In a new letter ruling (PLR 201809003) issued on March 2, the IRS ruled that a residential behind-the-meter solar energy storage device—a battery—meets the definition of "qualified solar electric property expenditure" under section 25D(d)(2) of the Internal Revenue Code of 1986 (the Code), as amended, if 100% of the energy used by the battery is derived "from the sun," therefore allowing the 30% tax credit for the energy-storage device. The new policy could lead to an increase in the amount of upgrades and retrofits to existing residential solar energy systems.

In a 2013 letter ruling (PLR 201308005), the IRS had ruled that a commercial, behind-the-meter battery included in the original installation of a solar system will be considered part of the "energy property" within the meaning of section 48(a)(3)(A)(i) of the Code, and, therefore, an investment tax credit could be claimed on its full cost. The 2013 ruling also provided, however, that the battery’s eligibility as energy property is subject to a "cliff" that eliminates all investment credit for the device if less than 75% of the energy stored in the device during an annual measuring period is from the solar energy source, and to a "haircut" that may reduce the investment tax credit pro-rata, if less than 100% (yet more than 75%) of the energy stored in the device during an annual measuring period derives from the solar energy source. See Treasury Regulation § 1.48-9(d)(6).

This more recent IRS letter ruling is of interest in the following respects:

  • The new ruling allows the tax credit for an energy storage device that was installed one year after the installation of the original solar system, while the 2013 ruling was applicable to an energy storage device installed as part of the original solar system. Although the 2018 ruling addresses a residential behind-the-meter energy storage application, the holding in that ruling suggests that it would be possible to have commercial after-installed storage devices qualify for the 30% investment tax credit as well.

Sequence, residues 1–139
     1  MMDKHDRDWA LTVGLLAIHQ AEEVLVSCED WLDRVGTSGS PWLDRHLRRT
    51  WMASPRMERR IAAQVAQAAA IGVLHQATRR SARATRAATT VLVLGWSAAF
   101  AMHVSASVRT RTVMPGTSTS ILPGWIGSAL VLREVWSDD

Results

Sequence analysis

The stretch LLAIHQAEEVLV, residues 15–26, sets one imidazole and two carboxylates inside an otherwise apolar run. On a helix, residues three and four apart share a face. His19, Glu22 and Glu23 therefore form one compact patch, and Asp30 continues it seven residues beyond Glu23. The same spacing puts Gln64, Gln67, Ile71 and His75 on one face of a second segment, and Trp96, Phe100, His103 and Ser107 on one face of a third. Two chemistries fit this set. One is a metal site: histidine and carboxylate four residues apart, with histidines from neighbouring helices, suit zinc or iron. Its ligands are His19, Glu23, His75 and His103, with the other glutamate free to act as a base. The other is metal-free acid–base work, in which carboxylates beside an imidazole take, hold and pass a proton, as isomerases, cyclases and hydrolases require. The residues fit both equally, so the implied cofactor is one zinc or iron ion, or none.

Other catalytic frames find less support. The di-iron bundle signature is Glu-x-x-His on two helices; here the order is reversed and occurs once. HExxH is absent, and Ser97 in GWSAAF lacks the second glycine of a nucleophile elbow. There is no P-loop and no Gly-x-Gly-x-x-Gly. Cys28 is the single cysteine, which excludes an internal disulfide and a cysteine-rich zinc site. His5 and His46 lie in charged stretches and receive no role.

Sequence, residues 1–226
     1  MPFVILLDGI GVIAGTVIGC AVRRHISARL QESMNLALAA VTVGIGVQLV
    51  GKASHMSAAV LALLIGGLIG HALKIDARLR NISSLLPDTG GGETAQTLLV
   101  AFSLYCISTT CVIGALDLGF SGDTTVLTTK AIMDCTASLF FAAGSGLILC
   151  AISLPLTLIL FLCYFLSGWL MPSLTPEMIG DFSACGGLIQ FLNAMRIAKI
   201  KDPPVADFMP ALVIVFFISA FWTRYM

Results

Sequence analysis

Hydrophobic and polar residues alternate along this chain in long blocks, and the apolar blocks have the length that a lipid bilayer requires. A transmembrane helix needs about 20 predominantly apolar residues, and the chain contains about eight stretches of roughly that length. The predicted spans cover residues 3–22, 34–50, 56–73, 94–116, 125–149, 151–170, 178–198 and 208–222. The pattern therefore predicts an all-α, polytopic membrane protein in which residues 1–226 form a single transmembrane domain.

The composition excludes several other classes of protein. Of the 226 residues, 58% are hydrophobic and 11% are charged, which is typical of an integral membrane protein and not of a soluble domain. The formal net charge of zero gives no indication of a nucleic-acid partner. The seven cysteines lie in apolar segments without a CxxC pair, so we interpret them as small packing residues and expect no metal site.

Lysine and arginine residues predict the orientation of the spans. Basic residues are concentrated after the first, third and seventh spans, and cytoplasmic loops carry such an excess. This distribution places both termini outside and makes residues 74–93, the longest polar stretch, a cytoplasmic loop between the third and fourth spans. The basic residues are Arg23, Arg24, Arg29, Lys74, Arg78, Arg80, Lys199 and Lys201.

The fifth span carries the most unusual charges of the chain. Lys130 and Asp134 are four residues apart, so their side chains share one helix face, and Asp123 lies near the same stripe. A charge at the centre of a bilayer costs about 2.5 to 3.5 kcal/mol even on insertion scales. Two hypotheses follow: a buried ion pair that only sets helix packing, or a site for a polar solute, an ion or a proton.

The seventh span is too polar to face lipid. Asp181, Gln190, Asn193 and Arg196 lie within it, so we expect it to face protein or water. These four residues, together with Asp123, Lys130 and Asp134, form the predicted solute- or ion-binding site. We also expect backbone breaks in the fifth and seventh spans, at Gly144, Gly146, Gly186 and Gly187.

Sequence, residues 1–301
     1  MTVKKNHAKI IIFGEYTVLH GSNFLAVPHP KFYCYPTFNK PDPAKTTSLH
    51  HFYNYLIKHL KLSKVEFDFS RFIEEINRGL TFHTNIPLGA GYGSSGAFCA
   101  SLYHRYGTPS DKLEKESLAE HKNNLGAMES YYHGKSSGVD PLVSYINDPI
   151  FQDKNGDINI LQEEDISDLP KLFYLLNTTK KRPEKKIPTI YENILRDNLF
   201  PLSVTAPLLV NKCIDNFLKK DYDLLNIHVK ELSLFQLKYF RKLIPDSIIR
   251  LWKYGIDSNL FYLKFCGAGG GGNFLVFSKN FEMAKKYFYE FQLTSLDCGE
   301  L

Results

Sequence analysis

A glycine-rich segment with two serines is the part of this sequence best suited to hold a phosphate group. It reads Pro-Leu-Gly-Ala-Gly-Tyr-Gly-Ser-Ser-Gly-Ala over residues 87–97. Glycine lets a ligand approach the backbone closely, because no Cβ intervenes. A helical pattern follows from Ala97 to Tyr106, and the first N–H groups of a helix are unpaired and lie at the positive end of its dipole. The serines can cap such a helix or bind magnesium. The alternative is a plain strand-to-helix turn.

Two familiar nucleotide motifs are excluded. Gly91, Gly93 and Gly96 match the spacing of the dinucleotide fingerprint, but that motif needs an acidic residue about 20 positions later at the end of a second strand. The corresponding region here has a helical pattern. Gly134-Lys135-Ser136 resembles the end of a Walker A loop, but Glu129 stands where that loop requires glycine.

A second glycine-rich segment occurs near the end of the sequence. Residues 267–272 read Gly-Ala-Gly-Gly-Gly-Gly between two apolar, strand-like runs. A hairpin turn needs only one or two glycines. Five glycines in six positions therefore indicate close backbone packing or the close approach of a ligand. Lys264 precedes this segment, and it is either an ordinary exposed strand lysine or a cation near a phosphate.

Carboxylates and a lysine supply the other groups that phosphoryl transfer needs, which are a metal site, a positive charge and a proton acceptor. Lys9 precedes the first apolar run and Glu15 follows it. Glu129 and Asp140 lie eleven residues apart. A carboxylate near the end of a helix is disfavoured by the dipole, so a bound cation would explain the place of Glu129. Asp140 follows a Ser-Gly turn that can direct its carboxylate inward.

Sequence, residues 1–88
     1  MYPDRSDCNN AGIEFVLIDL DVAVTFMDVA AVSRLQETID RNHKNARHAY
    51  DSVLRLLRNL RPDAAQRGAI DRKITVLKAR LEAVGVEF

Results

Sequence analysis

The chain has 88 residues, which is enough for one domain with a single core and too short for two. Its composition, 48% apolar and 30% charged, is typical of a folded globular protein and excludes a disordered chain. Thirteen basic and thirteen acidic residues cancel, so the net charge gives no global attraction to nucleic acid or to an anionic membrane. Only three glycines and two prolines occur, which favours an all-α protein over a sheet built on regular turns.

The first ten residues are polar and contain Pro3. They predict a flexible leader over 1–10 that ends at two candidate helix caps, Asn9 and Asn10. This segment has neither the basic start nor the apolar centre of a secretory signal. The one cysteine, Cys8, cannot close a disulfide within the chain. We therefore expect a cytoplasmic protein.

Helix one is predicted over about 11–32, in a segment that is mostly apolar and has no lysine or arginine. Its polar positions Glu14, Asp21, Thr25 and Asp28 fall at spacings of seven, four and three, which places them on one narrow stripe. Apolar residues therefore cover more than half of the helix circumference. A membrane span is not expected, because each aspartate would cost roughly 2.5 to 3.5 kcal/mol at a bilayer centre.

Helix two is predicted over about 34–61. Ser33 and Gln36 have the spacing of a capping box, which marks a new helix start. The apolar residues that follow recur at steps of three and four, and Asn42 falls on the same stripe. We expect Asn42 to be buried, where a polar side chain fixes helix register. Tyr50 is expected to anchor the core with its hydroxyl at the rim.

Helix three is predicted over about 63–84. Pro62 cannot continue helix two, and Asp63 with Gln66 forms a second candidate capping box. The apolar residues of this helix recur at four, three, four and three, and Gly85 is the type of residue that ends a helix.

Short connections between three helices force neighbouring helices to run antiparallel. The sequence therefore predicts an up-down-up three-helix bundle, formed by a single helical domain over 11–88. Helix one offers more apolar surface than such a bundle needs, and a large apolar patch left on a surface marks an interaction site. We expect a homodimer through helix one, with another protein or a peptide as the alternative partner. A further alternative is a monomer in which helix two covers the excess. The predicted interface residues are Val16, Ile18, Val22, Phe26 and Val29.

• The later ruling makes clear that a residential behind-the-meter storage device has a solar energy storage "cliff" of 100%, unlike a commercial solar-connected energy storage device, which, by regulation, is subject to the 75% cliff rule described in the 2013 ruling.

  • The use of the term "derived from the sun" in the 2018 ruling regarding a residential solar system, as opposed to a reference to the on-site solar system as a source for battery charging, prompts the question whether a behind-the-meter energy storage device (residential or commercial) could qualify for the 30% tax credit, if the solar energy stored in the battery was generated remotely, e.g., in a community solar project or contracted through a corporate power purchase agreement, assuming the subscriber/offtaker receives the renewable energy certificates from its subscription or offtake from the remotely-installed solar system.

Like all IRS private-letter rulings, the 2018 ruling is binding only on the taxpayer who received it and may not be used or cited as a precedent. It may provide guidance, however, as to the thinking of the IRS on the issues presented, and may indicate the likelihood that a proposed letter ruling involving similar facts will be approved. It will be interesting to watch the evolution of this topic in future IRS letter rulings and other IRS guidance.

Ballard Spahr's Energy and Project Finance Group assists clients in developing strategies to thrive in the fast-changing regulatory, technological, and financing environment of the energy industry.

Attorneys in Ballard Spahr's Public Finance Group have extensive experience with the rules and regulations set by the IRS.

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